TOKYO/WELLINGTON (Reuters) - From sleepy New Zealand hillsides to sleek Tokyo dining scenes, a bottle of Hawke’s Bay wine shipped to Japan traces an arc that exporters like Nigel Avery see as an avenue for multi-million dollar growth built on a free trade pact.
Avery’s Sileni Estates hopes to gain as the two countries are among a group of 11 ringing the Pacific Ocean that have carved out a tariff-busting deal, just as the United States and China remain enmeshed in trade disputes and business in Europe is racked by Brexit.
Even without the United States, pulled out of the accord by President Donald Trump, the Comprehensive and Progressive Agreement for Trans-Pacific Partnership (CPTPP) covers an area that houses more than a tenth of the world economy. That opens tantalizing prospects for niche industries like Malaysian rubber, Australian beef and New Zealand’s wine trade, now coveting affluent drinkers in Japan.
Tokyo begins cutting its 15 percent import tariff on New Zealand wine on Dec. 30, with full elimination set for 2025. But to boost growing if tiny sales in what the U.S. Department of Agriculture estimates is a $1.6 billion import business, New Zealand producers may have to invest heavily in promotions to beat dominant European players, importers in Japan say.
At Sileni, which says it’s among the top 10 New Zealand producers by volume, Avery is convinced of the potential to boost sales.
“As the (Japanese) market matures - because they are heavily ‘Old World’ consumption - they start to become a bit more explorative, they’ll stumble across New Zealand for sure and once people stumble across our wines they really like them,” said Avery, chief executive of his family’s business since 2016.
Still, European vintners are in no mood to sit back and will soon have a trade deal of their own - a sweeping accord to reduce tariffs between the European Union and Japan set to kick in as soon as February 2019.
“The trade agreement will boost our exports to Japan and will enhance our position as export leaders”, said Jean-Marie Barillere, President of E.U. wine lobby CEEV, in a statement after the deal won European Parliament backing on Dec. 12.
Japan’s love affair with wine blossomed with its rise as an economic power in the 1980s and has endured: In a University of Adelaide study, Japan ranked 5th in the world by share of global spending on wine in 2015.
Exports of New Zealand wine to Japan are small - but steadily increasing amid growing demand in the restaurant trade. Sales of what wine writer Curtis Marsh has called “honest wines that over-deliver in price-quality rapport” have almost doubled in Japan in the last nine years, to NZ$14 million ($9.61 million), according to industry body New Zealand Winegrowers, compared with U.S. shipments of more that NZ$500 million.
Starting from scratch around 2003, Sileni has made Japan its second-biggest overseas market after the United States, where Avery, a former Olympic weightlifter, headed up business before taking over from his father.
Without disclosing sales volumes, Avery said that unlike many other markets that favor New Zealand sauvigon blancs and pinot noirs, Japanese consumers had diversified taste: Sileni sent about 15 different types of wines there, he said.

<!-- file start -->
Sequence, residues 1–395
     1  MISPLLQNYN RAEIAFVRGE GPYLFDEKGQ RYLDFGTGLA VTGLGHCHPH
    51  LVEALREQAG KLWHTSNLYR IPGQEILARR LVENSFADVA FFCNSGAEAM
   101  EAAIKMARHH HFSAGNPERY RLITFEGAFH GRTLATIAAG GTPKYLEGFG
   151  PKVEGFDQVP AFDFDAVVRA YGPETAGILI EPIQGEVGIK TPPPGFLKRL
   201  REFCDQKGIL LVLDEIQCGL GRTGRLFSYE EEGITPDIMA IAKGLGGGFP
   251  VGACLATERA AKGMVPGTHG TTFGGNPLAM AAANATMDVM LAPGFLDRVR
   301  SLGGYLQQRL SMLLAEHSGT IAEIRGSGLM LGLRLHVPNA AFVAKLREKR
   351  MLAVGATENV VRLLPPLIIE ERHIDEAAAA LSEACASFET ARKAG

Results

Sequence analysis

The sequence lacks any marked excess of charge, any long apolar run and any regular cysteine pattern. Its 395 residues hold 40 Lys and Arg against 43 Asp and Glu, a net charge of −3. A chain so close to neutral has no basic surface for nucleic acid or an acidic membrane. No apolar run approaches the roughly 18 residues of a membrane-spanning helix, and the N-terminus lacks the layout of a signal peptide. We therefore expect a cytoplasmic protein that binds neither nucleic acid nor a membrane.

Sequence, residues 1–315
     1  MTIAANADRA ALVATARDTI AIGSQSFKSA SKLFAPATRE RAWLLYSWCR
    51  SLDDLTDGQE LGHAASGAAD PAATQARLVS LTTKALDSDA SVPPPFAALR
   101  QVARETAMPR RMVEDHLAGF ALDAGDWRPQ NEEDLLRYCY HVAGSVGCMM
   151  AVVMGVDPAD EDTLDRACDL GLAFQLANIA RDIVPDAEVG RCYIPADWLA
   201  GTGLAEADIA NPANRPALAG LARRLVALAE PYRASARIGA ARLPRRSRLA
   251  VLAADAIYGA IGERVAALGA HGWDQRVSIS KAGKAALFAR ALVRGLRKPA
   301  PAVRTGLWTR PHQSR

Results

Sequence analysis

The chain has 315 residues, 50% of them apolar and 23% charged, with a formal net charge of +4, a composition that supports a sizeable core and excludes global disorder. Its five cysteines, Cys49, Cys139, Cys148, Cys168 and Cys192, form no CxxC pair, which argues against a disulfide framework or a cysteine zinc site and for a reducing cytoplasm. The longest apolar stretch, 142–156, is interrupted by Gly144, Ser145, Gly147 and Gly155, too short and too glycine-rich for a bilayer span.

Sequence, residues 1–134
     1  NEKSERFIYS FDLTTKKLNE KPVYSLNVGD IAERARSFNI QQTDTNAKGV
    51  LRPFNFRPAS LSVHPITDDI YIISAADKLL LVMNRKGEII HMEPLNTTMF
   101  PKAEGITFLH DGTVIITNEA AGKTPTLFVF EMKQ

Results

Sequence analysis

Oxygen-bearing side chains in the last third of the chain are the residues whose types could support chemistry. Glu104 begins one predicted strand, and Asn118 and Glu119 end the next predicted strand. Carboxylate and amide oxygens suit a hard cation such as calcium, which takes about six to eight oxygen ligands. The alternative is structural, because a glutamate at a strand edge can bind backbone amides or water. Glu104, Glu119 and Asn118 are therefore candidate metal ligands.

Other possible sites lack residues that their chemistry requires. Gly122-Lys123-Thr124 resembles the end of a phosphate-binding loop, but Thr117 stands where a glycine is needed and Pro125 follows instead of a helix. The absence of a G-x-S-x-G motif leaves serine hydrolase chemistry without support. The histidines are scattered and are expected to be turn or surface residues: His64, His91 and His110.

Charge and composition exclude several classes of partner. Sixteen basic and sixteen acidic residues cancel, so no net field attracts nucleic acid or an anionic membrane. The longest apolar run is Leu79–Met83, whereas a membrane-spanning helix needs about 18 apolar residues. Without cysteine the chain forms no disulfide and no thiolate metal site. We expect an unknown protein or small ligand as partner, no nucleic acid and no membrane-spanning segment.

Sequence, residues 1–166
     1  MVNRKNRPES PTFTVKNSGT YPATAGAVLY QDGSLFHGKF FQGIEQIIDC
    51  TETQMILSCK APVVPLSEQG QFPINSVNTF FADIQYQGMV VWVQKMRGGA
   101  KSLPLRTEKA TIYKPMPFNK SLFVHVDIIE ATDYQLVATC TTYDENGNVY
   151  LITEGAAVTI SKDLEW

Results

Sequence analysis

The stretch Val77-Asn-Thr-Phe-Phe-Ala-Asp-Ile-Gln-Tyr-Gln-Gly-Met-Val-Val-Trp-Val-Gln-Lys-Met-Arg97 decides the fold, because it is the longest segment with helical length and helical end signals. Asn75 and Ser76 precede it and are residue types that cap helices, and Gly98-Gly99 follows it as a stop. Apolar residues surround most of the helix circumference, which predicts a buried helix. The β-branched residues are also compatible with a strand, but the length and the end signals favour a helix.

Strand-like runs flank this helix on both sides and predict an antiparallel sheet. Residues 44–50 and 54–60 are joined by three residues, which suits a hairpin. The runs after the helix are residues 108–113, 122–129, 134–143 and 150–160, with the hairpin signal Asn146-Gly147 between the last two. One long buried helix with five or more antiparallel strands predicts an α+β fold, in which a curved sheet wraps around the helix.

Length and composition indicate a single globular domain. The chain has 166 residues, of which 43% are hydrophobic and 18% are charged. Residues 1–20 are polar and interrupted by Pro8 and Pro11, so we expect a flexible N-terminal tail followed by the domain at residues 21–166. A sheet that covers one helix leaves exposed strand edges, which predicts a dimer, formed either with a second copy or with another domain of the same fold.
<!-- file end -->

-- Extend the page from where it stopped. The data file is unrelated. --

Most of the New Zealand wine sold in Japan isn’t on supermarket or convenience store shelves: It features on menus in high-end restaurants in Japan, seen by customers as offering a comparatively cheaper but good quality alternative to luxury French brands.
MORE THAN $40 A BOTTLE - CHEAPEST ON MENU
On a recent Friday night in central Tokyo’s upscale Azabu area, restaurant Torizen Seo served customers from a menu centered on gourmet versions of traditional grilled chicken skewers, or ‘yakitori’. Sileni wines at 4,800 yen ($42.70) a bottle were the cheapest on a mostly European list, with bottles around 7,500 yen to accompany dinner courses priced at 5,000-8,000 yen.
Industry insiders say Japanese wine lovers like Tomoko Inaba are increasingly looking to extend their palates into wines from New World countries that are pushing what they say are innovative flavors in less traditional restaurants and hotels.
“For the same price, you get higher quality buying a New Zealand wine than you would for a French wine nowadays,” said Inaba, a 49-year-old office worker.
“Considering the quality, New Zealand wines are reasonably priced,” said Inaba, who previously favored French wines.
Zero tariffs for New Zealand wines could in some cases mean a cheaper price point. For others, it may boost profits which can be poured back into marketing, for example in tie-ins with Japan’s hosting of the 2019 Rugby World Cup, where New Zealand’s team will start among the favorites to win.
“You need an event, a trigger, to draw more attention to New Zealand wine,” said Koichi Kaino, executive officer at major wine importer Enoteca, which has been bringing Sileni to Japan for more than a decade. “One way is to promote New Zealand wine together with food, like grass-fed New Zealand beef.”
The message that differentiation is needed for niche players in CPTPP countries to boost exports is key, according to Makoto Kinjo, president of ANZCO Foods Japan, a unit of New Zealand meat producer ANZCO Foods.
“New Zealand can’t compete with big wine-exporting countries by volume or pricing,” said Kinjo. “I think New Zealand wine exporters understand that. If you’re a minority in terms of market share...You need to do something different from your competitors.”
Reporting by Charlotte Greenfield in WELLINGTON and Leika Kihara in TOKYO; Editing by Kenneth Maxwell